Ned Shaw

The recent incidence of plagiarism at The New York Times set off some empathetic alarm bells throughout the academic community. According to a 2002-03 survey of 3,500 graduate students in US and Canadian universities, 23%-25% of students acknowledged one or more instances of "cutting and pasting" from Internet sources and/or published documents.1 Electronic journals, E-books, Internet "paper mills," and other high-tech sources of information have put a whole new spin on academic integrity today.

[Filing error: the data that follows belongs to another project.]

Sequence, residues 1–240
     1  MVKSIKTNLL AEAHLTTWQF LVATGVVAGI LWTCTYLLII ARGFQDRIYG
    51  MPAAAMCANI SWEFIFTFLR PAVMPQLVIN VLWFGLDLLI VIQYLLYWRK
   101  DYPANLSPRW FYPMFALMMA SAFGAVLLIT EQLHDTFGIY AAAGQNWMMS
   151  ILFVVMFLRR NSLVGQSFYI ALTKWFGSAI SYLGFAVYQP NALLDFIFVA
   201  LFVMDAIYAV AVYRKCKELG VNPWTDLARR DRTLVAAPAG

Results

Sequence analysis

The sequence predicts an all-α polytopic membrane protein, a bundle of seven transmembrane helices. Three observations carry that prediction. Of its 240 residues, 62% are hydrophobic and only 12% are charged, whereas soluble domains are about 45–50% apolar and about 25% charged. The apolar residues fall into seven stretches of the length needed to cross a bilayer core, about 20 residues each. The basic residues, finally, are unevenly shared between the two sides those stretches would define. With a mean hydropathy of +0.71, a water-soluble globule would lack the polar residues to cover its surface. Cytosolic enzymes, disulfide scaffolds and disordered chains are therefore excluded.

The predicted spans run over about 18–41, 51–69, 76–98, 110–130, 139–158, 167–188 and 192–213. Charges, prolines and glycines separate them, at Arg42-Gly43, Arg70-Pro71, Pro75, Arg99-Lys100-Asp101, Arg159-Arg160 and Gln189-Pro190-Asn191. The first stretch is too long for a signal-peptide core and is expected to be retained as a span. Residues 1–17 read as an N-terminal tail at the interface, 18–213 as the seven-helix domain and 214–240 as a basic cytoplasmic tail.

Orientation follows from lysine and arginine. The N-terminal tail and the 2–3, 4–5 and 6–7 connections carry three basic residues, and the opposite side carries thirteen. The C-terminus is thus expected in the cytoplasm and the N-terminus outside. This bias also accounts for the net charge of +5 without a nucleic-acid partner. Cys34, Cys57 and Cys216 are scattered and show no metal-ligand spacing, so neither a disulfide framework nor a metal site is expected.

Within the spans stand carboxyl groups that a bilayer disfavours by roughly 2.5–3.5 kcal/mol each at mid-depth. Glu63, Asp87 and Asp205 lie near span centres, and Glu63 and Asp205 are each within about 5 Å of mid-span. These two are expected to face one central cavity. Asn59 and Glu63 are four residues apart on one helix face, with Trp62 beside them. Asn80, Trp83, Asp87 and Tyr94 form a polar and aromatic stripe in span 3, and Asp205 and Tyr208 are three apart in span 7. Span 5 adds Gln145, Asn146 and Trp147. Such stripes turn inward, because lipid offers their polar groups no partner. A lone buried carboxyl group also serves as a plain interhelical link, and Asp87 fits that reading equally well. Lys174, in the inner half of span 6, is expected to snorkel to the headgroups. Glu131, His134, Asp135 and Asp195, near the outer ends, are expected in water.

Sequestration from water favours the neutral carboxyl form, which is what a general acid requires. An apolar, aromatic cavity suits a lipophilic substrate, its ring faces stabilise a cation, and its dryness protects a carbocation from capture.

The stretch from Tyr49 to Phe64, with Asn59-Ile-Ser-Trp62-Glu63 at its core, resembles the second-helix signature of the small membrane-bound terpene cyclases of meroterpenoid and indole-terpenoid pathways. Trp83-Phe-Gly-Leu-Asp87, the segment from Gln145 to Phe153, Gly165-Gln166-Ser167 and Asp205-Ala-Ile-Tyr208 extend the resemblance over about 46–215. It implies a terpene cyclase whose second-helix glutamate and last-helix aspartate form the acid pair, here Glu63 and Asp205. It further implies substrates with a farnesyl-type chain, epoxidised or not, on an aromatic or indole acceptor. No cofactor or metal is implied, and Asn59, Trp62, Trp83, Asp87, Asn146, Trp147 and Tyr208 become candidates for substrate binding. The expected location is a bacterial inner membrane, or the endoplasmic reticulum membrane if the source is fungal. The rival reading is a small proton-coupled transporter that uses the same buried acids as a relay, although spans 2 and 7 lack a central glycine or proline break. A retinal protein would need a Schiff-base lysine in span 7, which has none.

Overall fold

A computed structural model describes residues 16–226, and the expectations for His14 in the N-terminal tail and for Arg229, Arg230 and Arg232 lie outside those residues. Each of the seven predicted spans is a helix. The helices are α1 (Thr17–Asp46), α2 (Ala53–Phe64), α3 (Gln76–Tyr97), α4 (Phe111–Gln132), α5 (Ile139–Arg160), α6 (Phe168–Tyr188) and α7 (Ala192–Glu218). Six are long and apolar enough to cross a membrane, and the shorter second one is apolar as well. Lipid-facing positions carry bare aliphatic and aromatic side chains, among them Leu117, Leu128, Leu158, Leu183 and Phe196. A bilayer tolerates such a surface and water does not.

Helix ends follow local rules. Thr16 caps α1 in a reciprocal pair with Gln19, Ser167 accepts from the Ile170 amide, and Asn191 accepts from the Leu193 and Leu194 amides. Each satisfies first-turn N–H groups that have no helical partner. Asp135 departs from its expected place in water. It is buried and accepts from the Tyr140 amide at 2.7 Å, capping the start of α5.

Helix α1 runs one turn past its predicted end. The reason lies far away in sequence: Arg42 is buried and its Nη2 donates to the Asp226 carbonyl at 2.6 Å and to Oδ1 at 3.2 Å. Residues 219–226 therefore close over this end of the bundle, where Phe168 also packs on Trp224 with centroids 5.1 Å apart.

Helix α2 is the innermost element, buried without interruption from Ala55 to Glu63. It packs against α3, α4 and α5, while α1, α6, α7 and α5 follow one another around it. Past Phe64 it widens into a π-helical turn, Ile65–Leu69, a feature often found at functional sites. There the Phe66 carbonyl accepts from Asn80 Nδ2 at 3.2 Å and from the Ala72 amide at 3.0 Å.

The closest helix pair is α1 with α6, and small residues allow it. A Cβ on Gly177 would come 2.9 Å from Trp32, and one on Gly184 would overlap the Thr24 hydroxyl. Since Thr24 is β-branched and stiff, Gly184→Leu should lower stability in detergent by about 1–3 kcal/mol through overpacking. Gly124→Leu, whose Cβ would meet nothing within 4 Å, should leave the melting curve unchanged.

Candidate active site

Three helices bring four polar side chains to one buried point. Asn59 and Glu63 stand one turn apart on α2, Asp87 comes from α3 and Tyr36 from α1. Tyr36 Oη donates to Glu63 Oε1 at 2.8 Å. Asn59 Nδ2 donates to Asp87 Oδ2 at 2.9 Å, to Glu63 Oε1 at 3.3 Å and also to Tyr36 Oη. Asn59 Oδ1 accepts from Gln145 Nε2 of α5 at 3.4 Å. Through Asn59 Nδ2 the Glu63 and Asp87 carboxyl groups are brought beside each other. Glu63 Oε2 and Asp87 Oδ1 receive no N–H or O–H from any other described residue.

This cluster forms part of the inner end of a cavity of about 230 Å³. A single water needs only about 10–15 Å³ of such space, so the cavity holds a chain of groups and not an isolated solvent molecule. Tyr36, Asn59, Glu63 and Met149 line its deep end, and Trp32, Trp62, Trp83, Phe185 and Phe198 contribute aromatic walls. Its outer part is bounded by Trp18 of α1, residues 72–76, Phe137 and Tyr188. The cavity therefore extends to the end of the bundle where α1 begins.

Catching a plagiarizer today isn't easy. Decoo2 observes that plagiarism is noticed more in the hard sciences such as medicine, as compared to the social sciences such as philosophy. To detect plagiarism, some books suggest looking for discrepancies in fonts and writing styles and the age of material. However, students who consciously plagiarize are usually smart enough to eliminate these obvious signs. Specialized software programs can detect Internet-mediated plagiarism, but they may...

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